This is all the more the case if one looks at some of the appeals to patriotism Obama made. No doubt, many of them could not but have been looked at by attentive foreign creditors as hints of a possible protectionism to come: “Well I do not accept a future where the jobs and industries of tomorrow take root beyond our borders and I know you don’t either. Its’ time for America to lead again.”

So it seems Obama is trying to force the peons into signing onto his program: one that has, as one of its main goals, no less, a re-uptake of highly leveraged players looking for big yields, who have been sitting on top of big, if declining cash piles on the sidelines as the crisis has progressed, into the financial system, with the huge loans they depend on being backed somehow by taxpayers and foreign bondholders. And these people have hardly shown themselves to be big job-creators. This is what the so-called P-PIF (Public-Private Investment Fund) seems to be about. So Obama must find something to connect, rhetorically, the former with the indispensable banking system, while downplaying the fact that the latter still, somehow–and they continue to borrow US bonds as fast as the Treasury can print them, even as their economies decline–hold an important veto power over the plan.

And then, Obama added insult to injury by saying “three-quarters of the fastest growing occupations require more than a high-school diploma” when he discussed his education proposals. As Doug Henwood noted in his fine book, After the New Economy in 2003, “Of the top 30 occupations [projected by the Bureau of Labor Statistics], about 40% of job growth will be among those in the lowest quarter of the income distribution. Another 28% will be in the top-paying quartile, with only 31% in the middle two. Less than a quarter of the top 30 jobs will require a bachelor’s degree or higher; 54% will require short on-the-job training.” The upshot? “It’s hard to see from this how “the problem is that many people don’t have the right skills,”” and that “[i]t is, however, easy to see the polarizing tendencies in today’s labor market…It produces a fair number of high-end jobs, a lot of low end jobs, but not much in the middle (New Press, pages 72-73).” Though his emphasis on education is laudable, the structure of the American economy remains less than favorable for most job seekers, educated or not, and will remain so, whether or not their taxes subsidize the “indispensable” recapitalization of the banks, and the re-integration of leveraged players into the financial system. This is all the more the case, of course, as the economy continues its unavoidable (given all that bad debt) decline.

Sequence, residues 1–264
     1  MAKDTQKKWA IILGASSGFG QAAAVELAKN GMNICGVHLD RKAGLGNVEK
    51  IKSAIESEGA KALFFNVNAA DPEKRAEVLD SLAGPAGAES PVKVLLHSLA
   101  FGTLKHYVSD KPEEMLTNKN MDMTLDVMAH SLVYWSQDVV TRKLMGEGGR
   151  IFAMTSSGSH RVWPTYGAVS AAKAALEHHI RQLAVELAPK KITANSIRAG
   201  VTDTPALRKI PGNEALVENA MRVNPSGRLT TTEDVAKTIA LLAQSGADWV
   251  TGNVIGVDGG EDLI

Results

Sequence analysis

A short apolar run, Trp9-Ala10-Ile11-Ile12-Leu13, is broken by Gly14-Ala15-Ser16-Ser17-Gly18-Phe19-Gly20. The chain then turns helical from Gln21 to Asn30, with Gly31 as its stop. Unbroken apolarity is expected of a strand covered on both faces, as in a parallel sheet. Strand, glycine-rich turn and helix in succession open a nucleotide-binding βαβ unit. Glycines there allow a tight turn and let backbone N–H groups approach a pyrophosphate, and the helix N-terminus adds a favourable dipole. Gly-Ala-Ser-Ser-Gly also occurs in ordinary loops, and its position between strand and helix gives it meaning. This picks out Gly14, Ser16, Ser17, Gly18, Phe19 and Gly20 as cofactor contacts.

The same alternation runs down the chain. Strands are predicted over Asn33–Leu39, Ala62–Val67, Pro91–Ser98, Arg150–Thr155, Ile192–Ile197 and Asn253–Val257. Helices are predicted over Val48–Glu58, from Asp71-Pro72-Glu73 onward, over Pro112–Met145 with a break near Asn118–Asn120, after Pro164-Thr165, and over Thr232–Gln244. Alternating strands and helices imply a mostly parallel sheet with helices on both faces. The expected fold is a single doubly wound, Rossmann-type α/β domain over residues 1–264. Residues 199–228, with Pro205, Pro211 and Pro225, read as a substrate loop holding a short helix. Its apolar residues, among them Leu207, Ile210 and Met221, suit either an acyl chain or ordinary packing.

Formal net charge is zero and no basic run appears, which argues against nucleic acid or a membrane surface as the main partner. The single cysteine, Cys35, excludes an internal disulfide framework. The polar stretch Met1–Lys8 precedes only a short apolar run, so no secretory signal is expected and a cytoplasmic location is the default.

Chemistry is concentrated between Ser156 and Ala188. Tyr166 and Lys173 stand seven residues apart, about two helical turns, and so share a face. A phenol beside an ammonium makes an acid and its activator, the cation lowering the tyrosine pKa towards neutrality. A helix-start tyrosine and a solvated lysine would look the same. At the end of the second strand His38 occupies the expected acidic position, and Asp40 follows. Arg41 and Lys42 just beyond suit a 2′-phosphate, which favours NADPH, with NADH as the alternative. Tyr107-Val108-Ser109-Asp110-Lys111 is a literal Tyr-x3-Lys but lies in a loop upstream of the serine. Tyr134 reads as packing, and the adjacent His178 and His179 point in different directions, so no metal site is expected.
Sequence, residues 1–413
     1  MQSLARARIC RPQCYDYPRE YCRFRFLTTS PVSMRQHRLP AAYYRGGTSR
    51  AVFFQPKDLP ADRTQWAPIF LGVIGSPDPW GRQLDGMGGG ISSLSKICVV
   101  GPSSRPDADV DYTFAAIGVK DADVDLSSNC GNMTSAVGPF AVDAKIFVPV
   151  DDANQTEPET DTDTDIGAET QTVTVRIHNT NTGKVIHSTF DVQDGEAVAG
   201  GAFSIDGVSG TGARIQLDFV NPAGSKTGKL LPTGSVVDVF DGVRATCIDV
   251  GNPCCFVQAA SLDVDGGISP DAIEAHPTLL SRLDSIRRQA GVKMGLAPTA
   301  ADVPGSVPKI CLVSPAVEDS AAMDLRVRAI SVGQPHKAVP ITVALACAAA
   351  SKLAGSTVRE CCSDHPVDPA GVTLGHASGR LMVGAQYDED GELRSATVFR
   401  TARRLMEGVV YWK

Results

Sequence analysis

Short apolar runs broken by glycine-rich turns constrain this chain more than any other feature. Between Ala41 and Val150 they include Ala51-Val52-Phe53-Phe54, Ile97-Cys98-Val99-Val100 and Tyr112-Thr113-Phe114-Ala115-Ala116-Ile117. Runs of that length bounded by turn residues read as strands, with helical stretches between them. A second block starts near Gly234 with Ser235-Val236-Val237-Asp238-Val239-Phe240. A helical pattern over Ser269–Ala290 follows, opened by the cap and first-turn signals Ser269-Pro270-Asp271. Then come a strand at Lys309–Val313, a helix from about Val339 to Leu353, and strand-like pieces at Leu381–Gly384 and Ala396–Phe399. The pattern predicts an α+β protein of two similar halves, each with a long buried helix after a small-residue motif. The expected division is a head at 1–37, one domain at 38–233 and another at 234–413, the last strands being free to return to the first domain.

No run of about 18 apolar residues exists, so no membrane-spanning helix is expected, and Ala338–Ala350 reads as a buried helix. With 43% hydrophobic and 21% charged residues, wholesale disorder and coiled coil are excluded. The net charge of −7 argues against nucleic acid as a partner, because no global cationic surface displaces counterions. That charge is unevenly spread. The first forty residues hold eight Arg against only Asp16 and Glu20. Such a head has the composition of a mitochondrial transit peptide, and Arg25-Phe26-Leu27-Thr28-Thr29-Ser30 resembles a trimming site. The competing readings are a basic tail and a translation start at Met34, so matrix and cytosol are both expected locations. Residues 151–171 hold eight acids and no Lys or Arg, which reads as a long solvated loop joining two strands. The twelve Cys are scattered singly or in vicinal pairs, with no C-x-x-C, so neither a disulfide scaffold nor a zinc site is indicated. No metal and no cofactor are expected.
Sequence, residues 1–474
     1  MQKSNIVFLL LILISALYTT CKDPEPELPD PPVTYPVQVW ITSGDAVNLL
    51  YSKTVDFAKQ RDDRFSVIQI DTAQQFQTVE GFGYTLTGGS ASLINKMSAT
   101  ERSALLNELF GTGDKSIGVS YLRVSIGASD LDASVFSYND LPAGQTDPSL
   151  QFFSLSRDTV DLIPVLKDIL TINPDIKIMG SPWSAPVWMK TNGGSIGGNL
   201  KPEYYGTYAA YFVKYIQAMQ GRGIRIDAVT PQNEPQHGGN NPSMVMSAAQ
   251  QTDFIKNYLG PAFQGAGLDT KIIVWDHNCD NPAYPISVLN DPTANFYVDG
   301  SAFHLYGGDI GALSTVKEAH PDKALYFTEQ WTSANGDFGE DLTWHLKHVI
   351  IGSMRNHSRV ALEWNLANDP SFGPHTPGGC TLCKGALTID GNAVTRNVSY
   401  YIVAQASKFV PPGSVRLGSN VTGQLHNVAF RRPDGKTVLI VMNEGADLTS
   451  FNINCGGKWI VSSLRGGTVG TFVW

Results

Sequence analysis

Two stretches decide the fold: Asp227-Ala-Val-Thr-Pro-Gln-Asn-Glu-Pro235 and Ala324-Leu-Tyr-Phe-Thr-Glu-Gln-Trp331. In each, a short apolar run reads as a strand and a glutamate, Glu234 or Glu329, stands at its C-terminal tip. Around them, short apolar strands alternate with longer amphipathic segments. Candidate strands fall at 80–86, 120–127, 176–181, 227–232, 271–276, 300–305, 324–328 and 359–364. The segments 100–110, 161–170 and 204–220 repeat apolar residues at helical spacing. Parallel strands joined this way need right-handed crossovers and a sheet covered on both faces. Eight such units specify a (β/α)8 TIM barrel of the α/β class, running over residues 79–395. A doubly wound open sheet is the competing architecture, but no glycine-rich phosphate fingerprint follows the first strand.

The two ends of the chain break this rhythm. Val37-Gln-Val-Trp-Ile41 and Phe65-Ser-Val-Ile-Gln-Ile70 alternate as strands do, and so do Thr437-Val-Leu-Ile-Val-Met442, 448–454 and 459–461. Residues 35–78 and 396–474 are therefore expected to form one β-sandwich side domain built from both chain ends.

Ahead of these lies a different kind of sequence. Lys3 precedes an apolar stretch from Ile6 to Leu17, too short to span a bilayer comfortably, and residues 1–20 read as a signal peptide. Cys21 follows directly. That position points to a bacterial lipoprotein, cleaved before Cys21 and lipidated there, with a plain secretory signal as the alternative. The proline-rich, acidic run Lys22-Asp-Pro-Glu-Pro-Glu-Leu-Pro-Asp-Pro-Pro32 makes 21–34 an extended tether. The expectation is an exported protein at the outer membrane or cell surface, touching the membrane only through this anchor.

And it is the rhetorical device of a circulatory system which is the focal point which is employed to illustrate a totally disingenuous connection between the debt-based financial system and working people (especially inasmuch as it airbrushes the connection of foreign creditors in propping up this arrangement to the latter, even as it attempts to appease them with appeals to their patriotism, while tacitly threatening the foreigners who pay a big part of the bill). And as long as working people accept this ruse, he’s right: the financial system will have to be revived in much the way it was, even if that serves no economic purpose for the workers. But if we can look beyond Obama’s flawed metaphors–as well as those of economic commentators and the financial press–maybe we can move in a better direction.

2 comments

Comments (2)

  1. Which is more important? Obama says banks lending money to consumers is more important. Then Obama says government spending taxpayer money is more important? Only government can save the economy. But didn’t he say only business can save the economy. Obama is so misleading. He really uses whatever argument he needs to pass his agenda of the day. Or maybe he’s just confused and needs to start taking his meds again.

  2. Thanks, Larry. Some of the best writing on the economy is here at Dollars and Sense.